Standing in the front of a crowded ballroom filled with University of Illinois faculty and students, Chancellor Phyllis Wise said she was proud the university is home to "difficult, uncomfortable and sometimes contentious discussions."
On Monday, the contentiousness and divisiveness of the campus was on display as people lined up outside the hallway chanting "Hey hey, ho ho, censorship has got to go" and hissing while others delivered remarks at the academic senate's first meeting of the school year.
It was the first time faculty and students held an open meeting to air their complaints or express their support for Wise following the UI Board of Trustees' decision earlier this month to reject Steven Salaita's appointment to the American Indian Studies Program.
"I could have hoped for a more collegial and welcoming start to this year," said Professor and senate Chairman Roy Campbell, who added that he was dismayed at the level of divisiveness on campus.
The meeting was moved to the Illini Union's second-floor ballroom to accommodate the large group.
Campbell said the Salaita debate has led to "severe and uncollegial behavior sometimes."
"I would like to call for faculty reconciliation on this difficult discussion. There must be respect on all sides of the differing opinions and for the difficult tasks we ask our administrators to do," he said.
In talking about her decision on Salaita, Wise said she should have taken more time to consult with Provost Ilesanmi Adesida, who would have consulted with other administrators, including the dean of the College of Liberal Arts & Sciences and the director of American Indian Studies. She pledged to fix problems with the hiring process, which allows faculty to teach before their appointments are officially approved by the board. And she encouraged more discussions about academic freedom and freedom of speech.
As she spoke, some protestors turned their backs to her.
American Indian Studies Professor Vicente Diaz expressed "moral indignation and outrage" at the board's "misguided" decision to deny Salaita his faculty appointment.
"This case was a routine academic hire, properly vetted all the way up to where substance matters. Because it concerned tenure, it received additional vetting at national and international levels," he said.
Diaz called on the senate to conduct a "full and fair investigation of the case."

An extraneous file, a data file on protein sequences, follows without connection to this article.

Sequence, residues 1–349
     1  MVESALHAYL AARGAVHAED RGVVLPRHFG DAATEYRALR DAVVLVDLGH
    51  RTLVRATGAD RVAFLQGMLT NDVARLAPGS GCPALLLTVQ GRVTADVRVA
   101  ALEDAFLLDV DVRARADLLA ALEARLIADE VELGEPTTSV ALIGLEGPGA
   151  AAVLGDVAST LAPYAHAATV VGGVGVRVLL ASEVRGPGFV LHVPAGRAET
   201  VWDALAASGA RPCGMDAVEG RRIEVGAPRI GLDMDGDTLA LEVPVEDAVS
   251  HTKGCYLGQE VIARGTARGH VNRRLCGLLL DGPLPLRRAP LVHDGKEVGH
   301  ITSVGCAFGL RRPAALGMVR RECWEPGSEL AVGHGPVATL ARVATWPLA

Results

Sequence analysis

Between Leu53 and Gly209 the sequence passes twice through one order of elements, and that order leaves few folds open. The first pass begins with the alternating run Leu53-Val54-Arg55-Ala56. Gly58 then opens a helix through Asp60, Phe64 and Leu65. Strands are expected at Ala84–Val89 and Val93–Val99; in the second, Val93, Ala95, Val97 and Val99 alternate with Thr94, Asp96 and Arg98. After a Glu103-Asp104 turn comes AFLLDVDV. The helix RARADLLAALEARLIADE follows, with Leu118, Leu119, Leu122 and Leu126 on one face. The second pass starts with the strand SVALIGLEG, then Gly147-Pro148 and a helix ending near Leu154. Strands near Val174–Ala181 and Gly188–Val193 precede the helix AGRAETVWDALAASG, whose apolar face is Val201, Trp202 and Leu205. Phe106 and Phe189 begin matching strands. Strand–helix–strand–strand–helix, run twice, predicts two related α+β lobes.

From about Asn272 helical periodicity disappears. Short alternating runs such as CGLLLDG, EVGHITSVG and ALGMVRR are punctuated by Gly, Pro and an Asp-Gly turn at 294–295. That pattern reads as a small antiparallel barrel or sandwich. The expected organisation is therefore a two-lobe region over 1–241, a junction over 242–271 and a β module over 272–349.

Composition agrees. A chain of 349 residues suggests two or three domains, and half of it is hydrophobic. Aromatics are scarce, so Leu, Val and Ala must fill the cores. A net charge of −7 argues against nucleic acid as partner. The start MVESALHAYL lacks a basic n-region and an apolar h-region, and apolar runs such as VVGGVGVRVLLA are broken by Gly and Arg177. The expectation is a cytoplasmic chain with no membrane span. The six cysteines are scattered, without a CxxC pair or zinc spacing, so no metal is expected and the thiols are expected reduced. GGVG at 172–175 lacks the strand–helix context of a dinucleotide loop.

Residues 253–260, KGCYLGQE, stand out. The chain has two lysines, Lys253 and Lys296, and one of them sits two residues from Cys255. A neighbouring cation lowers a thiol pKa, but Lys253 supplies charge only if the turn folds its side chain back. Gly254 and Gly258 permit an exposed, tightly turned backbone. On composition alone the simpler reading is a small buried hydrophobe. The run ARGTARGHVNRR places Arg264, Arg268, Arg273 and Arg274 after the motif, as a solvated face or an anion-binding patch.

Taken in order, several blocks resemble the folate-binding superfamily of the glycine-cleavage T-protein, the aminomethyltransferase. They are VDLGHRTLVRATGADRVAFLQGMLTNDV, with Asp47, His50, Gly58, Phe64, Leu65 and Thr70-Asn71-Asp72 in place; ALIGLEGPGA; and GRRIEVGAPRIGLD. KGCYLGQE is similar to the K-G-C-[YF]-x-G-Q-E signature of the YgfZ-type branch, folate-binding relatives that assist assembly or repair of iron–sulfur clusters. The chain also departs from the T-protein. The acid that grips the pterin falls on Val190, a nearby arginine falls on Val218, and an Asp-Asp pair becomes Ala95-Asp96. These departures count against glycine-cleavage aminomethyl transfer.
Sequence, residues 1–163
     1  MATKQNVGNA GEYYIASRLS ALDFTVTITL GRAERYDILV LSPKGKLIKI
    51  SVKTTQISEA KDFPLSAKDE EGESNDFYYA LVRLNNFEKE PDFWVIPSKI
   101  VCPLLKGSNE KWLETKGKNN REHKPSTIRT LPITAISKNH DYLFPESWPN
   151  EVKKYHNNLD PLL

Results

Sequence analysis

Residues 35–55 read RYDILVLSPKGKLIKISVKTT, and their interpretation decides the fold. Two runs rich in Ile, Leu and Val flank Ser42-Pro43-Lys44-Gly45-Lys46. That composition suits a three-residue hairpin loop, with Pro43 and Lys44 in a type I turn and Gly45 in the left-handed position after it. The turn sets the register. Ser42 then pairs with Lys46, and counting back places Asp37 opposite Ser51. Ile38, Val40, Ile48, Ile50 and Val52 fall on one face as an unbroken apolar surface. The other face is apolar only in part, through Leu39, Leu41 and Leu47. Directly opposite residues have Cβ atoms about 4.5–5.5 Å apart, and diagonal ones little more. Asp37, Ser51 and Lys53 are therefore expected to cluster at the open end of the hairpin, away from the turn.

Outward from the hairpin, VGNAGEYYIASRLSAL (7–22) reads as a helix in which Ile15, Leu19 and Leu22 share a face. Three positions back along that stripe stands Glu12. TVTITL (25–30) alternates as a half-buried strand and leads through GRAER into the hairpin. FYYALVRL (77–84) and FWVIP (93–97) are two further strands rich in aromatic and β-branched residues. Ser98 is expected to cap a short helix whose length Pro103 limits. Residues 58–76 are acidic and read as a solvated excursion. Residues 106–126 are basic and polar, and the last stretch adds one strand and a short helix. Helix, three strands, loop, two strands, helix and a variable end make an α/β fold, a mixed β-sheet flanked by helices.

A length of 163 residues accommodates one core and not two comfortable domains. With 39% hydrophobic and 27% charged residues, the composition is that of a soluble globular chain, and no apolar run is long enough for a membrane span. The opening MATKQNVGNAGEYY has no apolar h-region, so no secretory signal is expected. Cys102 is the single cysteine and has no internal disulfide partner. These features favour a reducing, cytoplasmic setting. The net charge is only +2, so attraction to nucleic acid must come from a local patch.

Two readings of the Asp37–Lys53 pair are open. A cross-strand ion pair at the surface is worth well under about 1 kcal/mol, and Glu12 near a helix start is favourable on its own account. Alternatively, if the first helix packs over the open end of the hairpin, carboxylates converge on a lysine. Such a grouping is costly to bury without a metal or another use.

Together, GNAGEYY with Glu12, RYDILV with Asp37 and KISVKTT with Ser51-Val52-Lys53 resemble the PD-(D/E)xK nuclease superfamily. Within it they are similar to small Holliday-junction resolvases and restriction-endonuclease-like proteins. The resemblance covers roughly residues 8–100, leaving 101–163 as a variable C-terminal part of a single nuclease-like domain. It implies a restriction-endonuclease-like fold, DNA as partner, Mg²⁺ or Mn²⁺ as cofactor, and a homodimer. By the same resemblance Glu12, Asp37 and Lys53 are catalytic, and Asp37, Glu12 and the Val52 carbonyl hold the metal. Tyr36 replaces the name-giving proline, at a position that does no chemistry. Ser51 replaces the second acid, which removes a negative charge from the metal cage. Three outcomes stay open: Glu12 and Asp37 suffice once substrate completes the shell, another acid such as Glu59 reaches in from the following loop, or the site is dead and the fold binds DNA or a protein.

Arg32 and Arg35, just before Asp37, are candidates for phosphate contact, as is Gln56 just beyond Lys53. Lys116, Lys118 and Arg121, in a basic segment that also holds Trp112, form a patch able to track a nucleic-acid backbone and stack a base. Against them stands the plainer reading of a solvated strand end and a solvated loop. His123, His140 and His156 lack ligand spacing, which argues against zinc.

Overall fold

Its Committee on Academic Freedom and Tenure has been asked to conduct a review.
On Monday the executive officers representing 14 departments, from American Indian Studies to East Asian Languages and Cultures, departments that previously voted no confidence in administration, issued a new statement reaffirming their votes of no confidence in the chancellor, president and board of trustees.
"We remain ever more committed to academic freedom, to due process, and to recognition of the expertise of faculty as the foundation of the university. We call on the senate to allow a full and fair investigation of the case," they wrote.
Diaz's colleague, Professor Jodi Byrd, who negotiated the job offer to Salaita, a former Virginia Tech professor, said Wise never spoke to her about the decision.
"This campus has never been inclusive to American Indian Studies. (Wise's) decision to unhire Steven and roll back our efforts in American Indian Studies to recruit a world-class faculty member damages our reputation, damages our expertise on this campus," Byrd said.
Also Monday, UI student-body President Mitch Dickey and Vice President Matt Hill expressed their support for Wise's decision and referred to a petition in which over 1,000 students backed the decision not to hire Salaita. Labor and Employment Relations Professor Michael Leroy also referred to a letter signed by faculty backing the chancellor. Another faculty letter being circulated criticizes the process and calls on the UI to honor its offer to Salaita.
UI student Eman Ghanayem said she and other Salaita supporters are "not against the administration. We're against the bias of the administration," she said.
People cannot understand Steven Salaita, she said, without inhabiting the culture he comes from or consulting an expert on Palestine.
The next opportunity for an airing on the case will be at the annual meeting of the faculty Oct. 13.
In other action, the senate gave preliminary endorsement to the concept for an independent college of medicine for the Urbana campus. Wise is proposing that the campus partner with Carle Health System to create an engineering-focused college of medicine. It would be independent of the College of Medicine at UI-Chicago, which operates a regional campus in Urbana.